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Formal Acknowledgement Of FASD Failings One Step Closer

An updated statement of response from the Crown regarding WAI 2624, which is part of the Health Services and Outcomes Kaupapa Inquiry (WAI 2575) and the Justice System Kaupapa Inquiry (WAI 3060), admits there is no New Zealand specific data on the prevalence of fetal alcohol spectrum disorders (FASD) and the extent of the issue is quantified only by overseas data.

“Several thousand New Zealanders are born with FASD every year - disproportionately Maaori. It is not acceptable they are unable to access the help they need,” says lead claimant for WAI 2624 and Tiamana Whakahaere (Executive Chairman) of Kookiri ki Taamakimakaurau Trust, Raawiri (David) Ratuu.

“Until we understand the full effects of FASD, the Crown cannot reasonably discharge its duty to look after our people - all people - who are living with the effects of FASD.”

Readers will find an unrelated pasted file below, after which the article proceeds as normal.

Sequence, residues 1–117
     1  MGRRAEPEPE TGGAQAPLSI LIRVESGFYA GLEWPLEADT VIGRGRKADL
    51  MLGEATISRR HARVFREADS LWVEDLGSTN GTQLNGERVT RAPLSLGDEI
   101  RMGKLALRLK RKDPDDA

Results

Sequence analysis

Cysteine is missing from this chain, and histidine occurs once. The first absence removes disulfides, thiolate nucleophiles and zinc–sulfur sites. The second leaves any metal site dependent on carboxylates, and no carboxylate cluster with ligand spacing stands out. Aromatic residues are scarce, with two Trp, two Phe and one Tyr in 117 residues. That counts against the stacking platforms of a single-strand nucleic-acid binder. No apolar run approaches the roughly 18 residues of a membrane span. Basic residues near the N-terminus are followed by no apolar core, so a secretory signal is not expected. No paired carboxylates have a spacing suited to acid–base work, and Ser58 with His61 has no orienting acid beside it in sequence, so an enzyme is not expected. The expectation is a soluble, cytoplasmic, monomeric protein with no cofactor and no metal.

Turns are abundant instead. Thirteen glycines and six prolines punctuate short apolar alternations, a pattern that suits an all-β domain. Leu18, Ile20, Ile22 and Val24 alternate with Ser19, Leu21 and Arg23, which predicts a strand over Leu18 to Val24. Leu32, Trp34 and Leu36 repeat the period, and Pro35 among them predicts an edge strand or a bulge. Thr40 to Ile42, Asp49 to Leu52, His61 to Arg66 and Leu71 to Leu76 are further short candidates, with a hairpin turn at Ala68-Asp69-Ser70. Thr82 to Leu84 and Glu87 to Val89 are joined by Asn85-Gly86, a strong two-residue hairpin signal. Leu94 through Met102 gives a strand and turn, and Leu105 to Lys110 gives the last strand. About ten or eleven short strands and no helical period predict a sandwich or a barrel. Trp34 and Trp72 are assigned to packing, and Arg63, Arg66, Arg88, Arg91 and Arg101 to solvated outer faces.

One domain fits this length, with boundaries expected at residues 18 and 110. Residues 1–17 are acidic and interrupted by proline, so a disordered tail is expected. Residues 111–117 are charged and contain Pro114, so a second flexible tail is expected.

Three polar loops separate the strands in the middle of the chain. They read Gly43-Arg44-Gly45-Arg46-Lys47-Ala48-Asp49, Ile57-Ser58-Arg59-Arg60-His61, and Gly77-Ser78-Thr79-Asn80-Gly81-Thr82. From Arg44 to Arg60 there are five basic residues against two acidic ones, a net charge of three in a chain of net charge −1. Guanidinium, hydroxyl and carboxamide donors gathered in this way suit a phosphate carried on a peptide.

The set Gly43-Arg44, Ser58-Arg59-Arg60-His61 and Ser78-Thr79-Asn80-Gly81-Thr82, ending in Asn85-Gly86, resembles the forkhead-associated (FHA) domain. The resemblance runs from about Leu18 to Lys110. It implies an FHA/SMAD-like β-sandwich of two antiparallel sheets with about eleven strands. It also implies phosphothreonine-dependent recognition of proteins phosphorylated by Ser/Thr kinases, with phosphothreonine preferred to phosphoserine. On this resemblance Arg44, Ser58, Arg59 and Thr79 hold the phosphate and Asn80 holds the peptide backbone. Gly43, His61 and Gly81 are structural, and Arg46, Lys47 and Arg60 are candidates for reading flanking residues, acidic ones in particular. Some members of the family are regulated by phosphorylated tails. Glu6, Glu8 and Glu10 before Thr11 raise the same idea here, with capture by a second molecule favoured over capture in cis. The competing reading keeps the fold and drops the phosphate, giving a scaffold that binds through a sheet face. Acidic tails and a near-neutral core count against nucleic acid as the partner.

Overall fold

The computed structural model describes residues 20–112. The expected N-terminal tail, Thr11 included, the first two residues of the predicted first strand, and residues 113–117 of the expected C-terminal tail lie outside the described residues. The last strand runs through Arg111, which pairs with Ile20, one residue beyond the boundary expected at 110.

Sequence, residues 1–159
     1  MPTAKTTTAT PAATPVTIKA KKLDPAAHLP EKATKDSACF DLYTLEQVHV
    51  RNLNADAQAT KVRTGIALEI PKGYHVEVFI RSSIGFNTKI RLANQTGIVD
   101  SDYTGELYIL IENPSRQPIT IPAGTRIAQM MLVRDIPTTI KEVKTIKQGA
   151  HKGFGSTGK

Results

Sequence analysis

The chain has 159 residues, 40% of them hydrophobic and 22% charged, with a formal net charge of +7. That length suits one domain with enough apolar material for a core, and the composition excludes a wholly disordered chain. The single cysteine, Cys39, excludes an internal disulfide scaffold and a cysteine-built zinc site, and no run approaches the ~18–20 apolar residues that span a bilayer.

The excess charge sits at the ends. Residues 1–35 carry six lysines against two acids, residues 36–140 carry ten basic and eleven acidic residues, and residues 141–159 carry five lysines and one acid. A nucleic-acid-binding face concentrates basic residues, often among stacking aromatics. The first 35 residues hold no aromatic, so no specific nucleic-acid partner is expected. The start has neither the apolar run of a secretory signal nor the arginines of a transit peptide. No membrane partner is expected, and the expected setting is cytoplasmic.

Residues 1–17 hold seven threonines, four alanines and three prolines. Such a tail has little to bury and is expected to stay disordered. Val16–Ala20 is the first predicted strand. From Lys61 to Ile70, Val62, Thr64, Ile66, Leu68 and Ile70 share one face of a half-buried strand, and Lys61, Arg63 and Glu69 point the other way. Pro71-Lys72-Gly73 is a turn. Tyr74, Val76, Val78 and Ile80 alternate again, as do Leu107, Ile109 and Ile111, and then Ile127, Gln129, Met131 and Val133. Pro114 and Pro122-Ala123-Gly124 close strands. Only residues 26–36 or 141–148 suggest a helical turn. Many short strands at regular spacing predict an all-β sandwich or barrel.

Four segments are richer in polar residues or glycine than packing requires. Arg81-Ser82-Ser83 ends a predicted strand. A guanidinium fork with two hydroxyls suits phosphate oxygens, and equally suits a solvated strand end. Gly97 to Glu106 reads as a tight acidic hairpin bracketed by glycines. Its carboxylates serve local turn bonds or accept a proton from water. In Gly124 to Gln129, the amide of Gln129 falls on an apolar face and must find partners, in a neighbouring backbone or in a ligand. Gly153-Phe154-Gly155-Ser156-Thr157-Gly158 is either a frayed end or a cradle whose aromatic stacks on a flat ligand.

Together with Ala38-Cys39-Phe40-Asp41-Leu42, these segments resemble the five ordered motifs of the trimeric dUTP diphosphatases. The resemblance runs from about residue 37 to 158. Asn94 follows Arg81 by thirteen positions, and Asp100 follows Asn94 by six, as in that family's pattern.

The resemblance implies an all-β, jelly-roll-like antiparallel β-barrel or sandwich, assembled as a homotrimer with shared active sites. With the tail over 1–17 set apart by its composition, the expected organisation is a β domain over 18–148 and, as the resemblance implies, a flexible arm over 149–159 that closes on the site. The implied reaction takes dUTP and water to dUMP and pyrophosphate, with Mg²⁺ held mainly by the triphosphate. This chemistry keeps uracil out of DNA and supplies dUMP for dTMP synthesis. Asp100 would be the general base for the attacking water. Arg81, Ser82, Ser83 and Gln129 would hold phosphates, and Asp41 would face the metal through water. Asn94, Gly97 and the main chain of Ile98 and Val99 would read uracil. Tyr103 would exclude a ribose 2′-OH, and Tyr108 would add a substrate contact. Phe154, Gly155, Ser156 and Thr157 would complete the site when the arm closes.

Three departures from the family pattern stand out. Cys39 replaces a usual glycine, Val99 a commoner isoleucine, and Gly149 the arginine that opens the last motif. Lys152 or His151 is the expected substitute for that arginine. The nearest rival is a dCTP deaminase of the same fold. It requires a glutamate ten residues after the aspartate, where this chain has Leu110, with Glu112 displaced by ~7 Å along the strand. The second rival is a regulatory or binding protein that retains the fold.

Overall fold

“While I am relieved the claim is finally bringing to light the destructive impact alcohol has on Maaori communities, our top priority must be enacting change in order to prevent further harm.”

Mr Ratuu laid the initial WAI 2624 claim in 2017, focusing on the legislative failings of the Sale and Supply of Alcohol Act 2012 (the Act) and the subsequent prejudice suffered by Maaori as a result of those failings.

Despite the Government acknowledging the Act was no longer fit for purpose, action is yet to be seen.

“Recent evidence shows that 15 people die from alcohol-related causes every week. This equates to 570 preventable deaths since the Government announced a review of the law was being considered in March. The time for action is now.”

The hearing is set for early next year. Documents filed with the Waitangi Tribunal can be found here.

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